MADRID (Reuters) -Spain is extending the gap between the first and second doses of AstraZeneca’s COVID-19 vaccine to 16 weeks for people aged under 60, the government said on Friday, going beyond the 12-week maximum interval approved by European authorities.
Spain is the first country to diverge from the European Medicines Agency’s (EMA) authorisation and promote “off label use”, which would not be approved by the regulator and would leave individual nations responsible for any possible side-effects.
The extension gives authorities more breathing space to determine the safest way to administer the vaccine, the health ministry said. Spain initially gave AstraZeneca shots to essential workers aged 18-65 before allowing only people aged over 60 to received the vaccine due to concerns about blood clots in younger people.
The EMA’s approval for the vaccine is based on the second dose being administered between four and 12 weeks after the first. A 16-week interval has not been tested in any human trials.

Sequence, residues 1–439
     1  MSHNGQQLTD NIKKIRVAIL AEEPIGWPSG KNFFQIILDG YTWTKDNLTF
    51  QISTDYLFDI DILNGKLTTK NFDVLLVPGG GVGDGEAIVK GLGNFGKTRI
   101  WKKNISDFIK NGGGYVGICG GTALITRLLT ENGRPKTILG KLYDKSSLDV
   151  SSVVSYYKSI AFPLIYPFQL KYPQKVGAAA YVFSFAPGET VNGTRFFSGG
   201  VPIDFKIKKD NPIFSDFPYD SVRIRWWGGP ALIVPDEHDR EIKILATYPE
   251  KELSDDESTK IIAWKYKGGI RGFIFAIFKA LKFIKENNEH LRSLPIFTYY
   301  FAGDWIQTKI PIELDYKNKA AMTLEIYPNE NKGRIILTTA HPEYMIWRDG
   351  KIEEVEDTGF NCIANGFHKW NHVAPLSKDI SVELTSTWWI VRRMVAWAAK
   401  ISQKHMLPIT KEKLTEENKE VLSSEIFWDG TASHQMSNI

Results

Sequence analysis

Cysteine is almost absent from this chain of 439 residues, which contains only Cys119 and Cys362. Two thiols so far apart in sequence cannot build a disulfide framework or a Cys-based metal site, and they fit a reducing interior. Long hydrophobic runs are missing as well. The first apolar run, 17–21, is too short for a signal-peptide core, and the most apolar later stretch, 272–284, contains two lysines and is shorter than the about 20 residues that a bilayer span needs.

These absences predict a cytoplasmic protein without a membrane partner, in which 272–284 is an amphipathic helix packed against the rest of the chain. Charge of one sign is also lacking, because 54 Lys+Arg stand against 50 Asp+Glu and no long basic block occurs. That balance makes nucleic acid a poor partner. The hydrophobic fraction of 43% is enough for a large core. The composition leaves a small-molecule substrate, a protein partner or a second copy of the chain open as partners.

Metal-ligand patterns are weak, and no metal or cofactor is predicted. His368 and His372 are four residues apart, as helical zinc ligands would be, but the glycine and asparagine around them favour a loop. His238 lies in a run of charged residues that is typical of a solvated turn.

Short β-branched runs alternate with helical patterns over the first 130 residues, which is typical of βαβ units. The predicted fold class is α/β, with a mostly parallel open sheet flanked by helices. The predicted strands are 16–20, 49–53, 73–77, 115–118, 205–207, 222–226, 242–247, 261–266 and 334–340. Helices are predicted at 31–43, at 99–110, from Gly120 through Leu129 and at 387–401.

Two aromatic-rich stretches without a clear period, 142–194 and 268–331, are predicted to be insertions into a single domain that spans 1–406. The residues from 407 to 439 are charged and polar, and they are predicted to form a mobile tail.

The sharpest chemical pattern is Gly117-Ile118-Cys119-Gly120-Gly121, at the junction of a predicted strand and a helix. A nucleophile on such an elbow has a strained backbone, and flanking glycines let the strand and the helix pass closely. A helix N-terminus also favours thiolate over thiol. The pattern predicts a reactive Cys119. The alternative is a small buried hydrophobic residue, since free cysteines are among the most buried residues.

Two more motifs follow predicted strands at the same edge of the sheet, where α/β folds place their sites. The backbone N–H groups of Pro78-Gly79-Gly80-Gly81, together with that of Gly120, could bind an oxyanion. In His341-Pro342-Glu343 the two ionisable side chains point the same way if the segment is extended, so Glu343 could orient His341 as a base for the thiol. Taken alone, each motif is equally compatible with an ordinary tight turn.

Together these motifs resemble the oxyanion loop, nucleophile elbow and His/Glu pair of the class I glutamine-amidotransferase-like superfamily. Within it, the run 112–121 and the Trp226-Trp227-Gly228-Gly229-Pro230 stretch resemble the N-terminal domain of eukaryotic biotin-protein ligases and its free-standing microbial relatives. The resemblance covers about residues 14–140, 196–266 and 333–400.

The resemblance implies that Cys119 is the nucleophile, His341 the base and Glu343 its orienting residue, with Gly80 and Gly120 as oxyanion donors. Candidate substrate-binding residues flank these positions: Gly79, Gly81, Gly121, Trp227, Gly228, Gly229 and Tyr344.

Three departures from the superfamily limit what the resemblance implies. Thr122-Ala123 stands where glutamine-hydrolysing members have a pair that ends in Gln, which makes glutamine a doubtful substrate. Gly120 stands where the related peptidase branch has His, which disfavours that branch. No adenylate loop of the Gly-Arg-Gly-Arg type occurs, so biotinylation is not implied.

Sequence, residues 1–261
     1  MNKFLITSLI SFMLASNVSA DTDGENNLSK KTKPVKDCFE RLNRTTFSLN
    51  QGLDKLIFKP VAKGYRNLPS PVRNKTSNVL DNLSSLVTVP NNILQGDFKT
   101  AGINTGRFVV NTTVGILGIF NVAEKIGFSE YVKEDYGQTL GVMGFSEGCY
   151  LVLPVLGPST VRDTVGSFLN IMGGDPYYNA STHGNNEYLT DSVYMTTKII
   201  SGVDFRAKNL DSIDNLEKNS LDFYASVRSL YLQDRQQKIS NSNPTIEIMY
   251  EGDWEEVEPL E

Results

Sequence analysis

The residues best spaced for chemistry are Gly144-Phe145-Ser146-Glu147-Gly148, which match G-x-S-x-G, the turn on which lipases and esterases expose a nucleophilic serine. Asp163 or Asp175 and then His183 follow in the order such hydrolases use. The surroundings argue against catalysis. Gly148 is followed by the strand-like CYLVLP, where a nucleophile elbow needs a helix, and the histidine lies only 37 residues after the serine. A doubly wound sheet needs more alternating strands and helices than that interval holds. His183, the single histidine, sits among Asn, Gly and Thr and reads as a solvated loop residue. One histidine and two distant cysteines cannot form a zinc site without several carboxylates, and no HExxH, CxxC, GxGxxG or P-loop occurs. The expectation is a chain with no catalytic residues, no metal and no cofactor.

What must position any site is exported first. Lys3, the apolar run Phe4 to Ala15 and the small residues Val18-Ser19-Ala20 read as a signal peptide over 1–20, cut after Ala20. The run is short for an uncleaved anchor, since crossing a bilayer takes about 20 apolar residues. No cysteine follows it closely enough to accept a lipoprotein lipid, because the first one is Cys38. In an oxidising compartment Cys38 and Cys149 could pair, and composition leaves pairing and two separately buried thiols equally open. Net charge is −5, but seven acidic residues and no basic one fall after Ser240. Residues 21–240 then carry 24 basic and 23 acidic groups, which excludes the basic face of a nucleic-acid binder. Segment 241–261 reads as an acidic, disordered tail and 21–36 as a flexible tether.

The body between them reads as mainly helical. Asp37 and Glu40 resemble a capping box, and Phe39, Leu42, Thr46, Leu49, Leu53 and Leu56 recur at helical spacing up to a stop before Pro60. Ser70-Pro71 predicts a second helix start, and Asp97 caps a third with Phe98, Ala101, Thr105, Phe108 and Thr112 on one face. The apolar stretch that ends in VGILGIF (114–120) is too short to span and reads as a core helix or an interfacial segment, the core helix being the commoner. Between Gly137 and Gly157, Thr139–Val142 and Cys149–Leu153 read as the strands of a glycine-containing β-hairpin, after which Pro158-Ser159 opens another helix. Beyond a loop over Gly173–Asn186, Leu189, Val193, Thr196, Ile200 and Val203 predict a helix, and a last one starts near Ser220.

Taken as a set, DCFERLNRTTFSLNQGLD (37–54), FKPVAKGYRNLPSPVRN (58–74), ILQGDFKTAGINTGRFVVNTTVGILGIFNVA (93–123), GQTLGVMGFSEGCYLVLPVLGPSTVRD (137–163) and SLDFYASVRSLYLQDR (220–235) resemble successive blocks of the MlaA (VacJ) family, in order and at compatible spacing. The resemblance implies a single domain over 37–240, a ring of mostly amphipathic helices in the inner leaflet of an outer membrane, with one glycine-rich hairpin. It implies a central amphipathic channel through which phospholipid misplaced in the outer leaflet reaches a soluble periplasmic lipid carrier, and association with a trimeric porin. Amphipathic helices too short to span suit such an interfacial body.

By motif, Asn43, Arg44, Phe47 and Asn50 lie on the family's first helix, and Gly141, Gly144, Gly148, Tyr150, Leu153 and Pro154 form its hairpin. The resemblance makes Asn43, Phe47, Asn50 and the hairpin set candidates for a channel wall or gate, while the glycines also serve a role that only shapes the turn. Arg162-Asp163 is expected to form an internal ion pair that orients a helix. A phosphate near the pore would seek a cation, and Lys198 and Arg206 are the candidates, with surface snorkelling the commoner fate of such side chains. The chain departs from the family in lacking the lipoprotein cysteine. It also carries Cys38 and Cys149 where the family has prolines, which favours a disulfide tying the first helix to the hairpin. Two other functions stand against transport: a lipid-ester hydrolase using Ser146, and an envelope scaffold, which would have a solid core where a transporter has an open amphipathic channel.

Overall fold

AstraZeneca and the EMA did not immediately respond to requests for comment.
Spain’s move to restrict use of the shot caused widespread uncertainty and meant some younger people who had already received a first dose have been excluded from getting a second.
By extending the interval between doses, authorities will be able to evaluate the results of trials on mixing different vaccines before deciding whether those groups will receive a second AstraZeneca shot or another drug, the ministry said.
Spain’s state-backed Carlos III Health Institute is investigating the effects of giving Pfizer and BioNTech’s vaccine to patients who already received an AstraZeneca shot.
Spain’s two-week coronavirus contagion rate fell slightly on Friday to 229 cases per 100,000 people compared with 230 on Thursday, according to health ministry data.
The cumulative number of cases rose to 3,524,077, while the total death rate was 78,216.
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